SEOUL, Oct. 28 (Korea Bizwire) — The poor living conditions of elephants in South Korean zoos are in the spotlight after an investigation by an animal rights advocacy group unearthed widespread neglect.
A conference on the development of zoos and aquariums was held at Rachael Carson Hall in Seoul on October 27, and the representative of Action for Animals, a zoo animal protection group, released a report detailing the welfare of zoo elephants in Korea over the past two years.
Domestically, there are eight zoos that are home to a total of 19 elephants, including Seoul Grand Park, Children’s Grand Park, Daejeon O-World and Jeonju Zoo.
According to Action for Animals, Seoul Grand Park was the only zoo to open their training procedures and rearing facilities to the public. All other zoos refused to follow its example.
The investigation revealed that zoos across the country lacked disease prevention management systems and behavior-enrichment programs to relieve the boredom of animals by various means, such as the use of toys and special feeding procedures.
As the population of elephants in the wild is declining sharply of late, it has been stipulated by the Convention on International Trade in Endangered Species of Wild Fauna and Flora (CITES) that appropriate institutions are qualified to import and export endangered animals, including elephants, only for preservation, education, and scientific purposes.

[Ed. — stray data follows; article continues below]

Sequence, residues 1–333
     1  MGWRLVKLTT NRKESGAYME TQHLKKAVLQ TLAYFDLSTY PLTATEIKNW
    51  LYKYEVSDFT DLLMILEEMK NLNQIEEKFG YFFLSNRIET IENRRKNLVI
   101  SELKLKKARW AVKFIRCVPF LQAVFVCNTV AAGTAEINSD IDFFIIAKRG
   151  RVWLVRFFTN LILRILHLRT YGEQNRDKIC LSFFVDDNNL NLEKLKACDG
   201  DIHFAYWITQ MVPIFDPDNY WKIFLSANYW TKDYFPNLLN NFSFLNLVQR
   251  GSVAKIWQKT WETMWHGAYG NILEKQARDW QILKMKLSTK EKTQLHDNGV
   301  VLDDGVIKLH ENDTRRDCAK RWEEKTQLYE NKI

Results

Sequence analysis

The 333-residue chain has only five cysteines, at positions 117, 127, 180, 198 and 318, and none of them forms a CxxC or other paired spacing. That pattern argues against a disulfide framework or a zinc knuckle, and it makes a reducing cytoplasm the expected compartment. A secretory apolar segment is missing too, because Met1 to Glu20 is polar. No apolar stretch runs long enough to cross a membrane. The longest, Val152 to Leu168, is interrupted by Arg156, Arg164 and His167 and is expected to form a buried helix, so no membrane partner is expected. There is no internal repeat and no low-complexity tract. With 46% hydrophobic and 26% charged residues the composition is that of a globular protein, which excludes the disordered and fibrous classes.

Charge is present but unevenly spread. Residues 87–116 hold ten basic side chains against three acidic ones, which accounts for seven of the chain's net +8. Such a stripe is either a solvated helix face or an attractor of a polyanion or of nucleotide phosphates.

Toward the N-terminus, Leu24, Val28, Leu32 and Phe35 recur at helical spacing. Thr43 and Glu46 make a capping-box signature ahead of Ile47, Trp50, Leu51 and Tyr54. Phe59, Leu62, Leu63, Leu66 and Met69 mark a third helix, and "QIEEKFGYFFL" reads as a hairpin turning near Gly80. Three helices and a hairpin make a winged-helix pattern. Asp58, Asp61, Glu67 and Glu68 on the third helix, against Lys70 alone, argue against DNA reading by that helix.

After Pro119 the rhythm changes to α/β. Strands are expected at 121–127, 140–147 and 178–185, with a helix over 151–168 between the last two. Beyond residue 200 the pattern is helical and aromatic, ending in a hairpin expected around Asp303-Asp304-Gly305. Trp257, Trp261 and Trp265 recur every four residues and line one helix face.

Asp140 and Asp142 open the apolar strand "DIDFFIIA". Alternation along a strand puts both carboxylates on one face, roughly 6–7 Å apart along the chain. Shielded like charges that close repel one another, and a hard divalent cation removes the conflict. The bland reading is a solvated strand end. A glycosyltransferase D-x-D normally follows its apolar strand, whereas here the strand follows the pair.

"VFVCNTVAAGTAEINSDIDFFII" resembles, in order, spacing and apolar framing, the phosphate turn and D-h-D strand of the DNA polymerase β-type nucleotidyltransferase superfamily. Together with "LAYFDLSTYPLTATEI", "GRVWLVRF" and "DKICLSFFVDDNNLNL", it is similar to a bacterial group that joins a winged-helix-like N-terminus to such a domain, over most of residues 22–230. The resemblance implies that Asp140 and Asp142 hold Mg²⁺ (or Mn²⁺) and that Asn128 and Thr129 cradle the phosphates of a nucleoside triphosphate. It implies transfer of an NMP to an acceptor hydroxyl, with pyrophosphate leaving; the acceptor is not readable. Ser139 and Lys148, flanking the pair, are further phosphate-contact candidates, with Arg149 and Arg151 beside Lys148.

However, the living conditions in some South Korean zoos were found to be substandard.
Except for Seoul Grand Park, the country’s zoos fell short of meeting the standards stipulating that elephant enclosures be at least 500 square meters wide and 7.3 meters high, guidelines which were set by the U.S.-based Association of Zoos and Aquariums (AZA).
Moreover, the poor artificial habitats were putting elephants’ health at risk. Action for Animals discovered through investigations in September and October of this year that the elephants in three domestic zoos showed behavior such as repeatedly swinging their heads, lifting one of their legs up and down, or moving back and forth in one direction, behavior believed to be manifested when elephants feel stressed.
The management systems for disease prevention were also found to be insufficient. Action for Animals said that one domestic zoo failed to conduct a blood test on an elephant that collapsed twice in one month in 2011.
“Elephants are no longer simply creatures owned by zoos, but rather internationally recognized endangered animals,” said the representative of the animal protection group. “Elephant rearing standards at domestic zoos should be in line with those of the AZA, and the government should formulate new welfare standards for endangered animals through new legislation.”
Lina Jang (email@example.com)